Flight commemorates first explorer to reach South Pole
To commemorate the historic flight that laid the groundwork for today's United States Antarctic Program, the National Science Foundation is making available video and still images of Richard E. Byrd's flight to the South Pole on Nov. 29, 1929, and of a commemorative flight earlier this month by a modern-day LC-130 cargo plane that retraced Byrd's route. (2004-11-26)

Riders on the storm
The 2004 hurricane season left behind a great deal of destruction, but also a wealth of valuable data. As part of an Office of Naval Research project called CBLAST, for Coupled Boundary Layer/Air-Sea Transfer, researchers air-dropped specially designed instruments into the paths of the hurricanes--and into the hurricanes themselves. (2004-11-18)

'Brick wall' helps explain how corrosion spreads through alloy
Ohio State University researchers are finding new insights into how microscopic corrosion attacks an aluminum alloy commonly used in aircraft. They've developed a statistical model of the deterioration and simulated it on computer, using what may seem like an unlikely analogy: a cracking brick wall. (2004-11-15)

MIT team lets one airplane speak to another in English
Aeronautics researchers at MIT have developed an aircraft guidance system that allows a pilot in one plane to guide a separate, pilotless airplane by speaking commands in English. In a flight test, the pilotless vehicle, called a UAV (unmanned aerial vehicle), responded to sudden changes in plan and avoided unexpected threats en route to its destination, in real time. (2004-11-04)

New research helps protect airplane engines from drizzle --system to be tested at DIA this winter
New technology that detects and measures heavy freezing drizzle could save airlines millions of dollars in engine repairs. Scientists at the National Center for Atmospheric Research developed the system, which will be installed this winter at Denver International Airport. (2004-10-27)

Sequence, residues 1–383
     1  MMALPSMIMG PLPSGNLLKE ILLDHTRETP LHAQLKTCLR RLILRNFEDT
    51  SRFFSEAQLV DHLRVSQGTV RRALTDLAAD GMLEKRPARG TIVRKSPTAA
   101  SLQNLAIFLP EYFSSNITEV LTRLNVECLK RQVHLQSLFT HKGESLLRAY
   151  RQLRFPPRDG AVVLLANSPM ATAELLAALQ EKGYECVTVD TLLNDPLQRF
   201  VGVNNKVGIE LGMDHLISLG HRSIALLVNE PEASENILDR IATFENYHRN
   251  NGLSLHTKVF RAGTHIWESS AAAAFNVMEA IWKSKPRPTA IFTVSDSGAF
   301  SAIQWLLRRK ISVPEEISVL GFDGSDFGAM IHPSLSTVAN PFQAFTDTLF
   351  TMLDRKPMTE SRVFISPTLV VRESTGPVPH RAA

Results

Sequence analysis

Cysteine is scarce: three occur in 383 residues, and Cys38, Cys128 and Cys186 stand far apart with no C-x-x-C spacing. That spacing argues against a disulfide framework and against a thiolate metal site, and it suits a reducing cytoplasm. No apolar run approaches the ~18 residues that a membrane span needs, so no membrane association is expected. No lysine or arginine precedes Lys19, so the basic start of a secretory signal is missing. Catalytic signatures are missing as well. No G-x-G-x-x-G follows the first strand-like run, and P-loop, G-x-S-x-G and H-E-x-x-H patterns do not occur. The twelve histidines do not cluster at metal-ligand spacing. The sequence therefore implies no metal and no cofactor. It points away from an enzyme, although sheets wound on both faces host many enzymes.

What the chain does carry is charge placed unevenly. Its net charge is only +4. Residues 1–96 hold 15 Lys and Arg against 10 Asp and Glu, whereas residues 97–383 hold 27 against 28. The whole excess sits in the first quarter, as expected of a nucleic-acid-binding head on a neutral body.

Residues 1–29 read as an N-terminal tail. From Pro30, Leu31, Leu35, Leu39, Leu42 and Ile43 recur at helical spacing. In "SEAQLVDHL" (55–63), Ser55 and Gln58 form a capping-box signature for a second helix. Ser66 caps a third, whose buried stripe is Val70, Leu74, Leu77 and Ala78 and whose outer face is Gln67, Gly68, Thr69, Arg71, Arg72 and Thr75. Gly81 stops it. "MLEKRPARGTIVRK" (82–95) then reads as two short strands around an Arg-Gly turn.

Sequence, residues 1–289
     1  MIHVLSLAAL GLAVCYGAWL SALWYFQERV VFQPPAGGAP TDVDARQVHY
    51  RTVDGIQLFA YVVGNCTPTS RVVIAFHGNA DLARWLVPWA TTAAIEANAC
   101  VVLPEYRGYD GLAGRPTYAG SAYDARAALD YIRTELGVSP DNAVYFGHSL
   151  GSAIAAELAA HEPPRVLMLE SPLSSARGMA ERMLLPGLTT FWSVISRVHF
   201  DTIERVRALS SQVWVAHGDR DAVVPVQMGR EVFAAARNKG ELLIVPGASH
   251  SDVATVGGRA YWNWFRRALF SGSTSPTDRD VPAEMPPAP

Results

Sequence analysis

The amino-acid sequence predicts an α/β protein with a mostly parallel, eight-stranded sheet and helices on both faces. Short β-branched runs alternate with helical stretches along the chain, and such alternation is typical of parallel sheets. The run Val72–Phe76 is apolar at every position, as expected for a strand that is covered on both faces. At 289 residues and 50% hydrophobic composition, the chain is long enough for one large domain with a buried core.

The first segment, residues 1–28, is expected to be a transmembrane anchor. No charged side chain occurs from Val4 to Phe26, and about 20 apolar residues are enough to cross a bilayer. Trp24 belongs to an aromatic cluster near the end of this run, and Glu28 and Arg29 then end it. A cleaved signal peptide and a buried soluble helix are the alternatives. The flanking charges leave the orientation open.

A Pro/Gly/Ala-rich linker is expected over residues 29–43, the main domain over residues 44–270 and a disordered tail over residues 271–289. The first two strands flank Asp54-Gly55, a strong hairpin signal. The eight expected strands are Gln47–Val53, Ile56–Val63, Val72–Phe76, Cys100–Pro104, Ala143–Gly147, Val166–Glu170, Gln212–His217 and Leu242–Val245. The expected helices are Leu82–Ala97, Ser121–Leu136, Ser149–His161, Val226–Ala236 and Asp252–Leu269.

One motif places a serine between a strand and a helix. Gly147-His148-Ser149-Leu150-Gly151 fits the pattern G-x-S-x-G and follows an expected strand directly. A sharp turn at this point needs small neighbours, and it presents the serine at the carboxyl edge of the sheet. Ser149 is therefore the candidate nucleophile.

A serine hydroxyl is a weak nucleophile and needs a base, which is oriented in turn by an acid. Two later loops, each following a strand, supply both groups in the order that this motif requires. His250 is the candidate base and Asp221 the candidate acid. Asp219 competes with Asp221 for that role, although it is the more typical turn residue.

LASER technology helps track changes in Mount St. Helens
US Geological Survey (USGS) and NASA scientists studying Mount St. Helens are using high-tech Light Detection and Ranging (LIDAR) technology to analyze changes in the surface elevation of the crater, which began deforming in late September 2004. (2004-10-25)

UF scientist: 'Brain' in a dish acts as autopilot, living computer
A University of Florida scientist has grown a living (2004-10-21)

Super slow light may help speed optical communications
Physicists at NIST have proposed a new way to slow light down to almost one-millionth its usual speed--to the mere speed of a jet aircraft. As described in the Oct. 1 issue of Physical Review Letters, the method eventually could help simplify and reduce the cost of high-speed optical communications. (2004-10-14)

Plants provide model for new shape-changing materials
Over the next 17 months, Virginia Tech will lead a team of researchers exploring the development of a new class of materials that will use plant protein structures in an attempt to mimic biological systems. The Defense Science Office of the Defense Advanced Research Project Agency (DARPA) is funding the $2.1 million project. (2004-10-04)

Midwest thunderstorm study points toward better forecasts
Newly documented small-scale circulations within squall lines produce damaging straight-line winds and up to 20% of all U.S. tornadoes, according to a Midwest field study organized by the National Center for Atmospheric Research. Some storm clusters leave larger remnant circulations that can generate new storm cells a day or more later. (2004-09-27)

Sandia helps Navy in shaping future of aircraft carrier operations
Researchers at Sandia National Laboratories are helping the U.S. Navy create the next generation of aircraft carriers by reviewing and analyzing current Carrier Air Wing flight operations, maintenance, and support functions. (2004-09-08)

Navy researchers test polymers to help fuel tanks 'heal' when shot
Materials chemists and engineers with the U.S. Navy hope to improve the odds that military planes and helicopters will survive hits by anti-aircraft fire and shrapnel. Researchers at the Naval Air Systems Command in Patuxent River, Md., are trying to develop polymer films that can almost instantly close up holes ripped through them by high-speed projectiles. The work will be described Aug. 23 at the national meeting of the American Chemical Society in Philadelphia. (2004-08-23)

Scientists studying desert air to understand weather and climate
NASA, Naval Research Laboratory (NRL) and Scripps Institution of Oceanography scientists have assembled in the Arabian Desert to study tiny airborne particles called aerosols and their effect on weather and climate. The scientists are collaborating with researchers from the United Arab Emirates Department of Water Resources Studies and 20 other U.S., European and South African research laboratories to decipher the complex processes controlling the area's climate. (2004-08-18)